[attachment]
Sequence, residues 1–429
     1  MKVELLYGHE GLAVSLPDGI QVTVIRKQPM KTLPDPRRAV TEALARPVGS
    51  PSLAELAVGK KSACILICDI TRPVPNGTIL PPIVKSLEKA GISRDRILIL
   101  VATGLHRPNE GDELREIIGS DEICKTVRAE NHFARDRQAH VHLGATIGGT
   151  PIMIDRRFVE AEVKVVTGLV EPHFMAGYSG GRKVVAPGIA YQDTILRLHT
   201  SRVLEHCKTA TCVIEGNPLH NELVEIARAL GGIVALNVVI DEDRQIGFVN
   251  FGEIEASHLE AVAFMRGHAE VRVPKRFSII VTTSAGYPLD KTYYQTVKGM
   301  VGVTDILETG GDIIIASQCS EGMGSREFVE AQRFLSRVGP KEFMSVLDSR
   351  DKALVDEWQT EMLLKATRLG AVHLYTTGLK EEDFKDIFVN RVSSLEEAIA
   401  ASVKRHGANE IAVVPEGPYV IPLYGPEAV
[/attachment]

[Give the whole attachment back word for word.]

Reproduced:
Sequence, residues 1–429
     1  MKVELLYGHE GLAVSLPDGI QVTVIRKQPM KTLPDPRRAV TEALARPVGS
    51  PSLAELAVGK KSACILICDI TRPVPNGTIL PPIVKSLEKA GISRDRILIL
   101  VATGLHRPNE GDELREIIGS DEICKTVRAE NHFARDRQAH VHLGATIGGT
   151  PIMIDRRFVE AEVKVVTGLV EPHFMAGYSG GRKVVAPGIA YQDTILRLHT
   201  SRVLEHCKTA TCVIEGNPLH NELVEIARAL GGIVALNVVI DEDRQIGFVN
   251  FGEIEASHLE AVAFMRGHAE VRVPKRFSII VTTSAGYPLD KTYYQTVKGM
   301  VGVTDILETG GDIIIASQCS EGMGSREFVE AQRFLSRVGP KEFMSVLDSR
   351  DKALVDEWQT EMLLKATRLG AVHLYTTGLK EEDFKDIFVN RVSSLEEAIA
   401  ASVKRHGANE IAVVPEGPYV IPLYGPEAV